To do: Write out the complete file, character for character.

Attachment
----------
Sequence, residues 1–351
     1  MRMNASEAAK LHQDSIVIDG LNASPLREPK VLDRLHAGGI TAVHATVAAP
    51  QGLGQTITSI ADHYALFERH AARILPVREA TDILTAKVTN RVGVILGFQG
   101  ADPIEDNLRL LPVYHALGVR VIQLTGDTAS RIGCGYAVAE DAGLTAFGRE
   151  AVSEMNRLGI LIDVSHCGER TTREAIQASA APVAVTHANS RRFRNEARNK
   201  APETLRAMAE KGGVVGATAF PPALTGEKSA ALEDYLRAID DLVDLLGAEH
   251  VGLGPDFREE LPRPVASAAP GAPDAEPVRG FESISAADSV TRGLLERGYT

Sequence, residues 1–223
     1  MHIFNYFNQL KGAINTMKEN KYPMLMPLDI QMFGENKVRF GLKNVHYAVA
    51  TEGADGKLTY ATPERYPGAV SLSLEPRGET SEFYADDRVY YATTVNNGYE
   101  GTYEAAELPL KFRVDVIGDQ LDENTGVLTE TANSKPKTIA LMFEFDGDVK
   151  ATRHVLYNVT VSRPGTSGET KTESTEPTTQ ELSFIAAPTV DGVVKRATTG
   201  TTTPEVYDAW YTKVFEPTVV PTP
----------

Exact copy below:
Sequence, residues 1–351
     1  MRMNASEAAK LHQDSIVIDG LNASPLREPK VLDRLHAGGI TAVHATVAAP
    51  QGLGQTITSI ADHYALFERH AARILPVREA TDILTAKVTN RVGVILGFQG
   101  ADPIEDNLRL LPVYHALGVR VIQLTGDTAS RIGCGYAVAE DAGLTAFGRE
   151  AVSEMNRLGI LIDVSHCGER TTREAIQASA APVAVTHANS RRFRNEARNK
   201  APETLRAMAE KGGVVGATAF PPALTGEKSA ALEDYLRAID DLVDLLGAEH
   251  VGLGPDFREE LPRPVASAAP GAPDAEPVRG FESISAADSV TRGLLERGYT

Sequence, residues 1–223
     1  MHIFNYFNQL KGAINTMKEN KYPMLMPLDI QMFGENKVRF GLKNVHYAVA
    51  TEGADGKLTY ATPERYPGAV SLSLEPRGET SEFYADDRVY YATTVNNGYE
   101  GTYEAAELPL KFRVDVIGDQ LDENTGVLTE TANSKPKTIA LMFEFDGDVK
   151  ATRHVLYNVT VSRPGTSGET KTESTEPTTQ ELSFIAAPTV DGVVKRATTG
   201  TTTPEVYDAW YTKVFEPTVV PTP